Solemnity of Our Lord Jesus Christ, King of the Universe (C)
20 November 2016
PRAYER TO THE HOLY SPIRIT by St. Anthony of Padua
O God, send forth your Holy Spirit into my heart that I may perceive, into my mind that I may remember, and into my soul that I may meditate. Inspire me to speak with piety, holiness, tenderness and mercy. Teach, guide and direct my thoughts and senses from beginning to end. May your grace ever help and correct me, and may I be strengthened now with wisdom from on high, for the sake of your infinite mercy. Amen.
1. LECTIO. What does the Biblical text say?
35 The rulers sneered at Jesus and said, “He saved others, let him save himself if he is the chosen one, the Christ of God.” 36 Even the soldiers jeered at him. As they approached to offer him wine 37 they called out, “If you are King of the Jews, save yourself.” 38 Above him there was an inscription that read, “This is the King of the Jews.”
39 Now one of the criminals hanging there reviled Jesus, saying, “Are you not the Christ? Save yourself and us.” 40 The other, however, rebuking him, said in reply, “Have you no fear of God, for you are subject to the same condemnation? 41 And indeed, we have been condemned justly, for the sentence we received corresponds to our crimes, but this man has done nothing criminal.” 42 Then he said, “Jesus, remember me when you come into your kingdom.” 43 He replied to him, “Amen, I say to you, today you will be with me in Paradise.” (NAB)
35 And the people stood by, watching; but the leaders scoffed at him, saying, “He saved others; let him save himself if he is the Messiah of God, his chosen one!”
36 The soldiers also mocked him, coming up and offering him sour wine, 37 and saying, “If you are the King of the Jews, save yourself!”
38 There was also an inscription over him, “This is the King of the Jews.”
39 One of the criminals who were hanged there kept deriding him and saying, “Are you not the Messiah? Save yourself and us!” 40 But the other rebuked him, saying, “Do you not fear God, since you are under the same sentence of condemnation? 41 And we indeed have been condemned justly, for we are getting what we deserve for our deeds, but this man has done nothing wrong.”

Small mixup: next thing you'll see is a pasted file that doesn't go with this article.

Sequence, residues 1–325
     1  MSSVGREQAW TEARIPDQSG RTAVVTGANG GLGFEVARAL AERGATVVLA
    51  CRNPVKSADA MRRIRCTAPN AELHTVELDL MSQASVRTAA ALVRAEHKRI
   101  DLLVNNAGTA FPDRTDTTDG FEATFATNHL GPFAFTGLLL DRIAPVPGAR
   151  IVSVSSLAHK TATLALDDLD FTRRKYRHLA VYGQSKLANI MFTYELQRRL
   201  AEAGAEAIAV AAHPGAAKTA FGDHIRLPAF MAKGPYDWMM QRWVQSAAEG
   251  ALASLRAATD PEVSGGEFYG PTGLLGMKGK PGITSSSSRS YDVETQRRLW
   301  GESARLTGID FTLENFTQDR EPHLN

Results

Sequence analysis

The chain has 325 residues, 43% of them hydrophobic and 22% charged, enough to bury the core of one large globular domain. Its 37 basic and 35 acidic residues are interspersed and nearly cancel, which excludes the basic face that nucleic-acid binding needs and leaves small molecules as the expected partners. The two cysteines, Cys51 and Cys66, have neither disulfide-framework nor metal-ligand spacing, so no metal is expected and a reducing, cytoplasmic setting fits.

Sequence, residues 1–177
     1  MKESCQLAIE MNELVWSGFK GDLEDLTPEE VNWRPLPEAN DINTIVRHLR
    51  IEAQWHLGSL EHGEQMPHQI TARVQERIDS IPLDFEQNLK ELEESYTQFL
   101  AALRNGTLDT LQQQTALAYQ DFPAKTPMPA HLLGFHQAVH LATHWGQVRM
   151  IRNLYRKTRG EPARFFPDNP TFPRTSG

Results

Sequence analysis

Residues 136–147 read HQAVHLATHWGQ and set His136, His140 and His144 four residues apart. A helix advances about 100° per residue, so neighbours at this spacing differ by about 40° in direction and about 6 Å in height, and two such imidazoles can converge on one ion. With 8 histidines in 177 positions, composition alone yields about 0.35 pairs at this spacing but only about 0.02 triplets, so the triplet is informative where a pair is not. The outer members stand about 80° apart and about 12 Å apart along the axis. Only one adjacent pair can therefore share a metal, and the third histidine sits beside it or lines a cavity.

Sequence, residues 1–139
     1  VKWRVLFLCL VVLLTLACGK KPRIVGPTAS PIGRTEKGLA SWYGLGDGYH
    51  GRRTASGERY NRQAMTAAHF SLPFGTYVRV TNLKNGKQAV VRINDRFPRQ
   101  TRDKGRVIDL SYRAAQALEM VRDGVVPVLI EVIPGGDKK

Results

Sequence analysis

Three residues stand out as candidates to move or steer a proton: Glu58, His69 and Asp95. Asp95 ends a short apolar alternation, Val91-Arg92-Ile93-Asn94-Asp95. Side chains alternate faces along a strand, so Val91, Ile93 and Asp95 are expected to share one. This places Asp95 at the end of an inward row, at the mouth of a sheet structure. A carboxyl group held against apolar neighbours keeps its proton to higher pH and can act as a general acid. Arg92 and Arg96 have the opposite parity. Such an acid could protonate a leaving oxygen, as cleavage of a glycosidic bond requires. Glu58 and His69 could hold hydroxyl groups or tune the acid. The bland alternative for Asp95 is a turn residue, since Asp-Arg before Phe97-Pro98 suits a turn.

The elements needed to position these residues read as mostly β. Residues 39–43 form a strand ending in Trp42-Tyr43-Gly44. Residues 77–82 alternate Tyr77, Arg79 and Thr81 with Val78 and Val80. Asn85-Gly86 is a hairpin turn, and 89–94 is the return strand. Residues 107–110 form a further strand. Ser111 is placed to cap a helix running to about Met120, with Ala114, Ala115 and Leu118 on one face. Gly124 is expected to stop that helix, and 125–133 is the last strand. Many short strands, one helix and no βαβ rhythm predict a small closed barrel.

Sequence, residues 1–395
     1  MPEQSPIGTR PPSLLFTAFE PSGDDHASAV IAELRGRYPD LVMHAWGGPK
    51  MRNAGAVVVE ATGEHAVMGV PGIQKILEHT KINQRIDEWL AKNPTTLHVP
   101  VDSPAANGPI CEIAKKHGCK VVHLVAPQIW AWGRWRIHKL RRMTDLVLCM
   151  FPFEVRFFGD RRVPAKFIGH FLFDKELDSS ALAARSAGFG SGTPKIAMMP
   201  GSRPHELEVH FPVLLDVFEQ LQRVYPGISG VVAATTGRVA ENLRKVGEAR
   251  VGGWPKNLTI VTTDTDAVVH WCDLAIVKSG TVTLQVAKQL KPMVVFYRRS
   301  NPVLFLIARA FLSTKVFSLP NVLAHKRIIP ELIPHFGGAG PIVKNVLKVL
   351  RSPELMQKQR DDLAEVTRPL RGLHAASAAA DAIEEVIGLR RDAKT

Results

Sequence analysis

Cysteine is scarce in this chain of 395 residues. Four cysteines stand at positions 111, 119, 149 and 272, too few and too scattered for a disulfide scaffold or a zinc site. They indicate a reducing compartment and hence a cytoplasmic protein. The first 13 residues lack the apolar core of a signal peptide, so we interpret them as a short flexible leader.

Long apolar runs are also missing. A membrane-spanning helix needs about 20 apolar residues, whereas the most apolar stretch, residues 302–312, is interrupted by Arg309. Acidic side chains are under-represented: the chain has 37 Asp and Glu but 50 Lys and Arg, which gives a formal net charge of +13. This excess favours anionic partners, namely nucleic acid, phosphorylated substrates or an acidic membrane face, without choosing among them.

42 Then he said, “Jesus, remember me when you come into your kingdom.”
43 He replied, “Truly I tell you, today you will be with me in Paradise.”
35 Ang mga tao nama’y nakatayo roon at nanonood, habang si Jesus ay kinukutya ng mga pinuno ng bayan. Sinabi nila, “Iniligtas niya ang iba; iligtas niya ngayon ang kanyang sarili kung siya nga ang Cristo na hinirang ng Diyos!” 36 Nilait din siya ng mga kawal. Nilapitan siya ng isa at inalok ng maasim na alak, 37 kasabay ng ganitong panunuya, “Kung ikaw nga ang Hari ng mga Judio, iligtas mo ang iyong sarili.” 38 Mayroon ding nakasulat sa kanyang ulunan, “Ito ang Hari ng mga Judio.”
39 Tinuya rin siya ng isa sa mga salaring nakapako sa tabi niya, “Hindi ba ikaw ang Cristo? Iligtas mo ang iyong sarili at pati na rin kami.” 40 Ngunit pinagsabihan naman ito ng kanyang kasama, “Wala ka na bang takot sa Diyos? Ikaw ay pinaparusahan ding tulad niya! 41 Tama lamang na tayo’y parusahan nang ganito dahil sa ating mga ginawa; ngunit ang taong ito’y walang ginawang masama.” 42 At sinabi pa nito, “Jesus, alalahanin mo ako kapag naghahari ka na.”
43 Sumagot si Jesus, “Sinasabi ko sa iyo, isasama kita ngayon sa Paraiso.”
(Magandang Balita Biblia)
2. MEDITATIO. What does the Lord say in His Word?
Some insights on the Word. “REMEMBER ME WHEN YOU COME INTO YOUR KINGDOM”
This text that we have read narrates details while Jesus was hanging on the cross. At this point, he had just lost everything he had, for even his garments have been divided by those who crucified him. As if being crucified was not painful enough, Jesus finds himself sneered at by the rulers, jeered at by the soldiers, and reviled by one of the criminals at his side. Two titles of Jesus are mentioned in the narrative: Messiah (Christ) and King. If he were Messiah and King, let him save himself! This was the argument of the threefold mockery that he received from all over. The inscription that was above him added insult to injury: “This is the King of the Jews.”